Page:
Does a seemingly positive personal experience with a health treatment qualify as evidence that it works? According to biological scientist Jonathan Jarry, the answer is no, and he explains why in this video.
"The plural of anecdote is not data," Jarry emphasizes. So even if a large body of people testify that a treatment such as reiki, or energy healing, worked for them, the collective anecdotes qualify only as "dirty data," he says.
Jarry points to examples of how patients suffering from cancer, the flu, or diffuse pain may successfully try reiki treatment—but the reduction or elimination of symptoms does not necessarily mean that the reiki was responsible.
A pool of anecdotal evidence, or "dirty data," is contaminated by variables that were not controlled for, he explains. In the case of the cancer patient, flu patient, and pain patient, the data could be inherently faulty based on factors such as whether the cancer patient was actually healed from simultaneous chemotherapy, whether the flu patient would have seen a natural decline in symptoms anyways, and whether the pain patient experienced a placebo effect due to the financial investment of reiki therapy.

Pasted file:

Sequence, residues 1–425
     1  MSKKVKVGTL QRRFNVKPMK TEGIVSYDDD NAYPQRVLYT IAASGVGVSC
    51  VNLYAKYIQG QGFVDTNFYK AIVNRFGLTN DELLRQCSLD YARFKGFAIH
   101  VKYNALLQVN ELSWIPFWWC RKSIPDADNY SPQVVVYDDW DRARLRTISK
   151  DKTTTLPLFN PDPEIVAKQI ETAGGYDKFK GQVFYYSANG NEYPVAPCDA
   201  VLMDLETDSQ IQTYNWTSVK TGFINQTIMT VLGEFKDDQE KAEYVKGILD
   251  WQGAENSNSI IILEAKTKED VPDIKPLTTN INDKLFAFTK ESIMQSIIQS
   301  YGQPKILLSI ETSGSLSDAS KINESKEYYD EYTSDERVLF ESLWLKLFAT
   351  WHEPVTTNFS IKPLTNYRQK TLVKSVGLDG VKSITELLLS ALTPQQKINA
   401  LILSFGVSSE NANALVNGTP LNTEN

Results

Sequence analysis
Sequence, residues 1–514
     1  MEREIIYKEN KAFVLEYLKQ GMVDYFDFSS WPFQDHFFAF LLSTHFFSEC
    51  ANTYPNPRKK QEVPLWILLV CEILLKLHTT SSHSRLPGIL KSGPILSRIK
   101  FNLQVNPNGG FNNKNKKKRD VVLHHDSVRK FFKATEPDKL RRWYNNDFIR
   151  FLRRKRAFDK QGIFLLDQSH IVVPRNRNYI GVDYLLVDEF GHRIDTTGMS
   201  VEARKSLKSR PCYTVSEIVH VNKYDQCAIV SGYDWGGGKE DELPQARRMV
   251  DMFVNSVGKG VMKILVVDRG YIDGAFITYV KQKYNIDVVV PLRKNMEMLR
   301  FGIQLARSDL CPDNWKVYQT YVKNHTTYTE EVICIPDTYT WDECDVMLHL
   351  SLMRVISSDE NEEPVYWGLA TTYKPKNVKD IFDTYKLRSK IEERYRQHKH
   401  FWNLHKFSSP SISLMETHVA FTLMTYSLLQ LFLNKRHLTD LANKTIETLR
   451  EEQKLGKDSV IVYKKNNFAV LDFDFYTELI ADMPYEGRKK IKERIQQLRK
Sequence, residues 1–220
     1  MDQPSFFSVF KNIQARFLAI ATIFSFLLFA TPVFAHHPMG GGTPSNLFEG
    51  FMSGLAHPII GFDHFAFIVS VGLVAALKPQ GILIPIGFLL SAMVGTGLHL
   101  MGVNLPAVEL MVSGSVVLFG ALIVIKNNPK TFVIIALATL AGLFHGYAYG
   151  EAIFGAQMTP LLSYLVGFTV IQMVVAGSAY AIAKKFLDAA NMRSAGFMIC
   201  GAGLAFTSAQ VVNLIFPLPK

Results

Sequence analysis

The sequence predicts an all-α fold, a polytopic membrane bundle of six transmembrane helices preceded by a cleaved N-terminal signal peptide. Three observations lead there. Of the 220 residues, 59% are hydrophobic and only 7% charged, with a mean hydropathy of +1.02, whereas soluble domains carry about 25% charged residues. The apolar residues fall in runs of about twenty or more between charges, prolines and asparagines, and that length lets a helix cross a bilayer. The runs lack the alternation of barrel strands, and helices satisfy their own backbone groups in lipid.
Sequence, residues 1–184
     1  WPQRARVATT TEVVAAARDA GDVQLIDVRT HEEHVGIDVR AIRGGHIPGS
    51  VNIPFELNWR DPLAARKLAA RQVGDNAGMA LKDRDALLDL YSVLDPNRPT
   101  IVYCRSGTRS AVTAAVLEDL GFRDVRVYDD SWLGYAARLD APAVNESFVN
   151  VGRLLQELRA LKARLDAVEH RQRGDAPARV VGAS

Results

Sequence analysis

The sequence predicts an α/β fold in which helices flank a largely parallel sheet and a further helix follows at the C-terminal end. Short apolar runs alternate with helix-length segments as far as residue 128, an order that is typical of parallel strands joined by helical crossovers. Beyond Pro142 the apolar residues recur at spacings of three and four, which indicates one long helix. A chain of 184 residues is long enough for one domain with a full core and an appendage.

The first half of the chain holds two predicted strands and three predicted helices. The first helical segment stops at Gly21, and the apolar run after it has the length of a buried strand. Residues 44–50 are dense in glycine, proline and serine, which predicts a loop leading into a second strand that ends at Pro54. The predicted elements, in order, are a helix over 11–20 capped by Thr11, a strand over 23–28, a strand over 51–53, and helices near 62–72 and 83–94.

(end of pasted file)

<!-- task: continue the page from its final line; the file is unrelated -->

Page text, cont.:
Moreover, Jarry points out, "dead men tell no tales," meaning that anecdotal evidence that a health treatment works comes only from the survivors: A cancer patient for whom reiki failed wouldn't have lived to say so.
In contrast to dirty data, "clean data" is supported by rigorous scientific experimentation that minimizes variability and biases. A clean data set, says Jarry, is essential for clinicians to make the right decisions.